• “What’s the point of campaigns against drunk driving? People are going to do it no matter what.”
  • “World leaders’ plans to reduce carbon emissions by 20% by a certain date won’t solve climate issues completely. Therefore, we should reject such proposals completely.”*

Share

Slippery Slope

This fallacy is a variety of the false cause fallacy. It occurs when the conclusion of an argument rests on an alleged chain reaction and there is not sufficient reason to think that the chain reaction will actually take place.*

Examples
  • “The legalization of drugs will eventually lead to the total collapse of civilization.”
  • “The legalization of prostitution will eventually lead to the total collapse of civilization”

Share

Weak Analogy

The fallacy of weak analogy is committed when the analogy is not strong enough to support the conclusion that is drawn.*

Examples
  • “Guns are like hammers—they’re both tools with metal parts that could be used to kill someone. And yet it would be ridiculous to restrict the purchase of hammers—so restrictions on purchasing guns are equally ridiculous.”*
  • “People who have to have a cup of coffee every morning before they can function have no less a problem than alcoholics who have to have their alcohol each day to sustain them.”*

Share


Fallacies of Presumption

These fallacies arise not because the premises are irrelevant to the conclusion or provide insufficient reason for believing the conclusion but because the premises presume what they purport to prove.*

Begging the Question

(petitio principii)
This fallacy is committed whenever the arguer creates the illusion that inadequate premises provide adequate support for the conclusion by leaving out a possibly false (shaky) key premise, by restating a possibly false premise as the conclusion, or by reasoning in a circle.*

Examples
  • “I know the Bible is divinely inspired because 2 Timothy 3:16 says, ‘All Scripture is inspired by God.’ ”*
  • “Celibacy is an unnatural and unhealthy practice, since it is neither natural nor healthy to exclude sexual activity from one’s life.”*

Share

Complex Question

This fallacy is committed when two (or more) questions are asked in the guise of a single question and a single answer is then given to both of them.*

Examples
  • “Have you stopped cheating on your spouse?”
  • “How long do I have to put up with your bad behavior?”

Share

False Dichotomy

This fallacy is committed when a disjunctive (“either/or”) premise presents two unlikely alternatives as if they were the only ones available, and the arguer then eliminates the undesirable alternative, leaving the desirable one as the conclusion.*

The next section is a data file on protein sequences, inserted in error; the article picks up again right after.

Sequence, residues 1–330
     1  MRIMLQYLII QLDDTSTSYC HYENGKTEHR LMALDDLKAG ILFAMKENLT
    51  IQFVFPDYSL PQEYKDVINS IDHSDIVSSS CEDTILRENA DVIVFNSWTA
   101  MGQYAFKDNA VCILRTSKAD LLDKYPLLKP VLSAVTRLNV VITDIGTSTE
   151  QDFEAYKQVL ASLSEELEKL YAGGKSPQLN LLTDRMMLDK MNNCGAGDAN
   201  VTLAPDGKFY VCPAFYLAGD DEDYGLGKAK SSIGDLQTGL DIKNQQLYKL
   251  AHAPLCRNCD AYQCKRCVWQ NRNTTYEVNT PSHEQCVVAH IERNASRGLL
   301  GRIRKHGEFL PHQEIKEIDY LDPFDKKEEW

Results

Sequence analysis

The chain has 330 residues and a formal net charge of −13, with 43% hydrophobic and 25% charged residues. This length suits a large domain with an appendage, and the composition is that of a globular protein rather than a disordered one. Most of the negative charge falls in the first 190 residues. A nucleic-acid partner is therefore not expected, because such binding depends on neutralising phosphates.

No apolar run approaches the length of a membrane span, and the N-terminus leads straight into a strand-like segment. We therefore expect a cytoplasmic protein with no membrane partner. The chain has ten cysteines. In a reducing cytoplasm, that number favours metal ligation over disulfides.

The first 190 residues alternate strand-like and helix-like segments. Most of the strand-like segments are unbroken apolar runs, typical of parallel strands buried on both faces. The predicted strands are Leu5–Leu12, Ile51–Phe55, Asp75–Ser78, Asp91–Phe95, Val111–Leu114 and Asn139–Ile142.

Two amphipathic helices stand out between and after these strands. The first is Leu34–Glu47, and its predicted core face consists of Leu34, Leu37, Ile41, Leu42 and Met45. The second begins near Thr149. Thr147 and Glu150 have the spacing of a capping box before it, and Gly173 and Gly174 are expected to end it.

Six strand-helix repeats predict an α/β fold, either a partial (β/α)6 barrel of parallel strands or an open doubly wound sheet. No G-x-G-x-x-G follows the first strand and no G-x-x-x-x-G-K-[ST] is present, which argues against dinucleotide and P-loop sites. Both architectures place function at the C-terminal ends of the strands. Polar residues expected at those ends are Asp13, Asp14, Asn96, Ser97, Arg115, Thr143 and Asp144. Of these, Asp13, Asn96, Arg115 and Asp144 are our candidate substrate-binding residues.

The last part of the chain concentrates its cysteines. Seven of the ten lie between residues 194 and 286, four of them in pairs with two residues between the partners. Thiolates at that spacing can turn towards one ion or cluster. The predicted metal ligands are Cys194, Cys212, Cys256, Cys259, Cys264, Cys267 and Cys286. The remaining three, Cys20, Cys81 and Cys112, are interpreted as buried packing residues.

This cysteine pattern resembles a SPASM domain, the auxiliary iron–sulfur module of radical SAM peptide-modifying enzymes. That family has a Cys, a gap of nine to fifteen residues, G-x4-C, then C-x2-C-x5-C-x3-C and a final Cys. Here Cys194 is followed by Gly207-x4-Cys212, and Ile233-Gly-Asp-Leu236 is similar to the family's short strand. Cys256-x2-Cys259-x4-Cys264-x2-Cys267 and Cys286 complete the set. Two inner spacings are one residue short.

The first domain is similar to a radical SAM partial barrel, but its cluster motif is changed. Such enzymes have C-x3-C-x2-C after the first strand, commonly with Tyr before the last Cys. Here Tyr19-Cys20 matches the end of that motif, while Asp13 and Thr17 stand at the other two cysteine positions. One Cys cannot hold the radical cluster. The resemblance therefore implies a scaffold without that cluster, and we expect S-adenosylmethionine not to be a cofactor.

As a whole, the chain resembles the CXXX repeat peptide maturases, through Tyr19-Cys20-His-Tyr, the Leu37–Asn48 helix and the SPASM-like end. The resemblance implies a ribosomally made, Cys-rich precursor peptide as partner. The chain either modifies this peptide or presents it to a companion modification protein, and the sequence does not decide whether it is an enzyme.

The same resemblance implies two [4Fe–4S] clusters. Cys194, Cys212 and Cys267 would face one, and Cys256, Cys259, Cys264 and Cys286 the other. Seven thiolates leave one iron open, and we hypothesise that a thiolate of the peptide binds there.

Examples
  • “America: Love it or leave it.”*
  • “Since there is nothing good on TV tonight, I will just have to get drunk.”*

Share

Suppressed Evidence

This fallacy is committed when an inductive argument ignores some important piece of evidence.*

Examples
  • “Most dogs are friendly and pose no threat to people who pet them; therefore, it would be safe to pet the little dog that is approaching us now which is foaming at the mouth.”
  • “The Patriot missile is an excellent weapon. Tests show that in 98% of firings, the missile successfully left the launch pad.”
    (This is technically true. However, this omits the fact that, after leaving the launch pad successfully, a majority of the missiles either blew up in mid-air or failed to hit the targets.)*

Share


Fallacies of Ambiguity

Equivocation

The fallacy of equivocation occurs when the conclusion of an argument depends on the fact that a word or phrase is used, either explicitly or implicitly, in two different senses in the argument.*

Examples
  • “If we were going to push for an election, then we should have made sure that we did something to determine who was going to win.” (It’s unclear if the speaker wanted to intervene in the election process or simply study the election process.)
  • “The laws imply lawgivers. There are laws in nature. Therefore, there must be a cosmic lawgiver.”

Share

Amphibole

The fallacy of amphiboly occurs when the arguer misinterprets an ambiguous statement and then draws a conclusion based on this faulty interpretation.*

Examples
  • “Don’t kill yourself; let the church help.”
  • “Her parents watered the flowers, yet they died.”

Share


Fallacies of Grammatical Analogy

Composition

The fallacy of composition is committed when the conclusion of an argument depends on the erroneous transference of an attribute from the parts of something onto the whole.* This fallacy is so similar to the hasty generalization that I’m not sure the distinction matters. If you want to explore the distinction more, I recommend this.

Examples
  • “My new car has a great engine; therefore, it’s a great car.”
  • “Each player on this basketball team is an excellent athlete; therefore, the team as a whole is excellent.”

Share

Division

The fallacy is committed when the conclusion of an argument depends on the erroneous transference of an attribute from a whole (or a class) onto its parts (or members).* Note: This fallacy is similar to the fallacy of accident.

Examples
  • “Salt is a nonpoisonous compound; therefore, its component elements, sodium and chlorine, are nonpoisonous.”
  • “This airplane was made in Seattle; therefore, every component part of this airplane was made in Seattle.”
  • The average American family has 2.5 children. The Jones family is an average American family. Therefore, the Jones family has 2.5 children.”*

Share